Those are totally key. I don’t even think about those anymore because they’re just like standards but it’s good that you mentioned them because a lot of people don’t write. Everybody has different practices and sometimes we don’t think about it. I’ll share my latest cool thing that I use and then I want to switch topics a little bit. I started to get this remarkable tablet because I like to take notes on everything. I like to write it down. It’s like a way for me to remember things like a great podcast I’m listening to or a book that I’m reading. You talk about sticky notes, sticky notes everywhere and then it becomes a distraction. 1 or 2 sticky notes, reminder, that’s good, 100 sticky notes, now it’s a distraction.
I’ve been loving this to reduce the paper because I can then send it to, I use Evernote, you mentioned that, and then I can send it to Evernote and tag it. I have it there for searchability and it’ll convert my handwriting to texts and stuff and I can have diagrams. I’m loving this tablet. It’s super thin. It’s like a piece of paper but I don’t have to have paper all over my desk.
I know there was one a couple of years ago. I don’t know if it’s that same one but the technology is good as far as converting it over.
It’s gotten a lot better and it could be better in integrating. I would love to see that the checklist there goes into a To Do app or something. It’s not quite there yet and using tools like Zapier or something like that where you could get certain elements and put them somewhere but it does allow you to save it as a PDF and then you can put it somewhere and you can put it into the text if it’s just handwriting.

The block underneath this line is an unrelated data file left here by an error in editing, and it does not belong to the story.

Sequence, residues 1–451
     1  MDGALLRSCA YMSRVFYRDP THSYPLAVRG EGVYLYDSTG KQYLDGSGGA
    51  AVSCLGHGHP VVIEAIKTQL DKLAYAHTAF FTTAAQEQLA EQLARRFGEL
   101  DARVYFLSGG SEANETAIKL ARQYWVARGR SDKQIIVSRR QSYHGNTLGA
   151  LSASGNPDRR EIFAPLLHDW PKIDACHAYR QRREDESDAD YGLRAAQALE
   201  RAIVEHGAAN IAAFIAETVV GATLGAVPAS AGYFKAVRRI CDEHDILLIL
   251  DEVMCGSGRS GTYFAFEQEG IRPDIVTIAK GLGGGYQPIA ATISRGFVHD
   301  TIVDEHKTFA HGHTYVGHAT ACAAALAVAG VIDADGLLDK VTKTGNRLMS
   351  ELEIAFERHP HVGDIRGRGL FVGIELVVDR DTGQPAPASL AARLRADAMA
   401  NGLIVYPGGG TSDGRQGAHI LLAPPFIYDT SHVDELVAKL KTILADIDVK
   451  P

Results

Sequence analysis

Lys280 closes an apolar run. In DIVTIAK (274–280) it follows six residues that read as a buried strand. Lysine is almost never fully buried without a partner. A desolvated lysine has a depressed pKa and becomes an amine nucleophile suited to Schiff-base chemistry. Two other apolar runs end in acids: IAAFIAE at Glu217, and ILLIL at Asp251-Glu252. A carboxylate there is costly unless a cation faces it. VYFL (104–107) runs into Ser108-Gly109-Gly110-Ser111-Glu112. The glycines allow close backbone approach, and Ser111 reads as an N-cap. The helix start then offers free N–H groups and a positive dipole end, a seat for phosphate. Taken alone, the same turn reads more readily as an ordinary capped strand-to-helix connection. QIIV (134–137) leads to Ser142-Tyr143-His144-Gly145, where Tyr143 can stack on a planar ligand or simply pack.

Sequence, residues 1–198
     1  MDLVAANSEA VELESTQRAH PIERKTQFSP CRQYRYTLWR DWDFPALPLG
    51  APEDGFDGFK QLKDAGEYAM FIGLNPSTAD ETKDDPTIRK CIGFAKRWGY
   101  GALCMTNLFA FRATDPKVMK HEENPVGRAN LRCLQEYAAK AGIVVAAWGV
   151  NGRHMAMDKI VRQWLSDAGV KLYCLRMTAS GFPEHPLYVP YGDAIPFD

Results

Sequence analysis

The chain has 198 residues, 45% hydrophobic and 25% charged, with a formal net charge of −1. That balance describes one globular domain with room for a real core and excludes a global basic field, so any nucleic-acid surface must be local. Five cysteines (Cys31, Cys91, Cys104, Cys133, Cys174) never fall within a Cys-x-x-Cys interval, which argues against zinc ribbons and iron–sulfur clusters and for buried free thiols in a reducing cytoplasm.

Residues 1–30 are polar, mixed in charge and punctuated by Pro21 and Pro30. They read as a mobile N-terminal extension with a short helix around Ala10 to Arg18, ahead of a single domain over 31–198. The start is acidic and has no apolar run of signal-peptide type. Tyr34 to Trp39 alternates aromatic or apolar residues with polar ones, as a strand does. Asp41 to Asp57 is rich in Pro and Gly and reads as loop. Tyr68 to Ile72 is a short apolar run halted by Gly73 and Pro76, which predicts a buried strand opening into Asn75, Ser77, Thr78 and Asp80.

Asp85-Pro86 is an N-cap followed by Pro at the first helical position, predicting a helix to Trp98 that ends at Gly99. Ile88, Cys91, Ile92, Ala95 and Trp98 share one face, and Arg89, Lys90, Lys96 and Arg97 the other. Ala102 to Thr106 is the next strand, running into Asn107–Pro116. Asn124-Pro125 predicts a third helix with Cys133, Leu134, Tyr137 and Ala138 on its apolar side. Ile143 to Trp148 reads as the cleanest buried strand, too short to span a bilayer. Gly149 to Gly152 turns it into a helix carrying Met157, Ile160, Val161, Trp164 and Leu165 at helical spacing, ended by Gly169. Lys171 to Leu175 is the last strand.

If you’re on an airplane or something and you don’t have your notebook with you, you can still be reviewing your notes on your phone through the app. I love that. I’ll have to check the remarkable ones.
There we are, geeking out over time management stuff. Time management, for me, is just how do we think, act and be more strategic. That should tie nicely into the second part of the discussion. I asked you what your story was. I know you integrate and talk to people about bringing out their story and helping them to create their business from their story. Why does that make sense? Why is that productive in that sense and working smarter?
I tell people all the time, I never intended to write a book or set out to do what I’m doing nowadays. Certainly not helping people write books, never in a million years. What happened to me was after I wrote my first book, that’s what opened up everything else. I look at a book for two reasons. One, you don’t know how your story is going to impact someone and the things that we take for granted or assume everybody knows how to do, they don’t. You’re helping someone when you share your story. I like to think of our story is a gift and gifts are meant to be shared. The good and the bad of our story, too. It inspires and gives hope. The other thing is leverage. Going back to time management. By writing a book, that exponentially built my business faster than I could have ever done it without it.